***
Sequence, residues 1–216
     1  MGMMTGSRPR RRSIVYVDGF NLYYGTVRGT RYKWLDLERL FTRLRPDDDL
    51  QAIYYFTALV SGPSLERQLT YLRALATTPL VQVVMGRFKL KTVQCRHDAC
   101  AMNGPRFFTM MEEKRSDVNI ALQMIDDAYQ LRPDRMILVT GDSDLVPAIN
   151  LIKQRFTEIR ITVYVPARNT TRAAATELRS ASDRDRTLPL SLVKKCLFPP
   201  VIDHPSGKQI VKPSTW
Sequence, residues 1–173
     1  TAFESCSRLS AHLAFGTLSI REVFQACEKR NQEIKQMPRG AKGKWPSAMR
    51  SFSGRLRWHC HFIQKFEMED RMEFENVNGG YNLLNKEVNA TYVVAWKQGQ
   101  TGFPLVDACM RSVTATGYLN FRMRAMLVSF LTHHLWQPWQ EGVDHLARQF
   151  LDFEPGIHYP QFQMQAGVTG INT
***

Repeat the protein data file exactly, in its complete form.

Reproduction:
Sequence, residues 1–216
     1  MGMMTGSRPR RRSIVYVDGF NLYYGTVRGT RYKWLDLERL FTRLRPDDDL
    51  QAIYYFTALV SGPSLERQLT YLRALATTPL VQVVMGRFKL KTVQCRHDAC
   101  AMNGPRFFTM MEEKRSDVNI ALQMIDDAYQ LRPDRMILVT GDSDLVPAIN
   151  LIKQRFTEIR ITVYVPARNT TRAAATELRS ASDRDRTLPL SLVKKCLFPP
   201  VIDHPSGKQI VKPSTW
Sequence, residues 1–173
     1  TAFESCSRLS AHLAFGTLSI REVFQACEKR NQEIKQMPRG AKGKWPSAMR
    51  SFSGRLRWHC HFIQKFEMED RMEFENVNGG YNLLNKEVNA TYVVAWKQGQ
   101  TGFPLVDACM RSVTATGYLN FRMRAMLVSF LTHHLWQPWQ EGVDHLARQF
   151  LDFEPGIHYP QFQMQAGVTG INT